The head of the German parliamentary board overseeing the secret services, Clemens Binninger, announced on Thursday that the head of the CIA's Germany station would be asked to leave the country.
The decision to expel the US Embassy's CIA representative is designed to demonstrate Germany's anger at the discovery of two US spies in Germany's foreign intelligence service, the BND.
The first operative, who was working under cover in the German intelligence service, was arrested a week ago. He admitted to passing over 200 documents to the CIA - the United State's foreign intelligence agency - for 25,000 euros ($34,000). The double agent worked for the BND for two years.
A second case involving a civilian emerged on Wednesday. Investigators conducted a search of the suspect's Berlin apartment and office, according to the Federal Prosecutor's Office. They confiscated several computers and numerous data storage devices.
An arrest warrant has not yet been issued for the second suspect, who was employed by Germany's defense ministry.
Raids revealed encryption programs and document hoard
According to Der Spiegel magazine, the first suspect - currently in police custody - worked in the Areas of Operation and Foreign Relations division at the BND agency's headquarters near Munich. He had security clearance and broad access to information.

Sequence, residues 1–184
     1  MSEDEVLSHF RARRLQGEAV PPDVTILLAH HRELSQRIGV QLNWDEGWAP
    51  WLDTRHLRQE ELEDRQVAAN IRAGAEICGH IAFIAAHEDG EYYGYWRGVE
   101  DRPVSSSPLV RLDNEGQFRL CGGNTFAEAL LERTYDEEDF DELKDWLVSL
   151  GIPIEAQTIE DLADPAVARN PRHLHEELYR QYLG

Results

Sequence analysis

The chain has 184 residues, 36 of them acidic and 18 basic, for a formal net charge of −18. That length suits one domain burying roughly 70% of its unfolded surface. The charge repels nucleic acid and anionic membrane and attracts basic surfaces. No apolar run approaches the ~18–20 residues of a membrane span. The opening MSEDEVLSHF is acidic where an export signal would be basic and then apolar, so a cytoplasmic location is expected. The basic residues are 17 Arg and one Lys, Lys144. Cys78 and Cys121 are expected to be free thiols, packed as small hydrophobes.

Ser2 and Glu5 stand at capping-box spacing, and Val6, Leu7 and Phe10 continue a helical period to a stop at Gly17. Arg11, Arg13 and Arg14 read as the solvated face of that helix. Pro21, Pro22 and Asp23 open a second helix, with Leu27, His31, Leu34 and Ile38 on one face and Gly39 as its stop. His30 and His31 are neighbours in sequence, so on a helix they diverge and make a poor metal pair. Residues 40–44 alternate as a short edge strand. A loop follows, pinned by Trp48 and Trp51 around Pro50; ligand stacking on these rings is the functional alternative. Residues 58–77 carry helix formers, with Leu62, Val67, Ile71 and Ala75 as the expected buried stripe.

Der Spiegel says when investigators raided his apartment they found a software configuration on his computer that automatically opened an encryption program in response to a user search for the weather in New York. The man was also found to be in possession of a USB stick containing 218 classified BND documents, three of which clearly related to the NSA investigative committee.
The spy was discovered when he recently sent emails in which he tried to sell secrets to Russia.
German Chancellor Angela Merkel on Thursday told the United States that trust was crucial between the two allies.
"More trust can mean more security," Merkel said.
"From my point of view, spying on allies... is a waste of energy," she said.
She said priorities should include dealing with challenges in Syria and fighting terrorists and that confidence between allies should be strengthened.
crh/msh (AP, AFP, Reuters, dpa)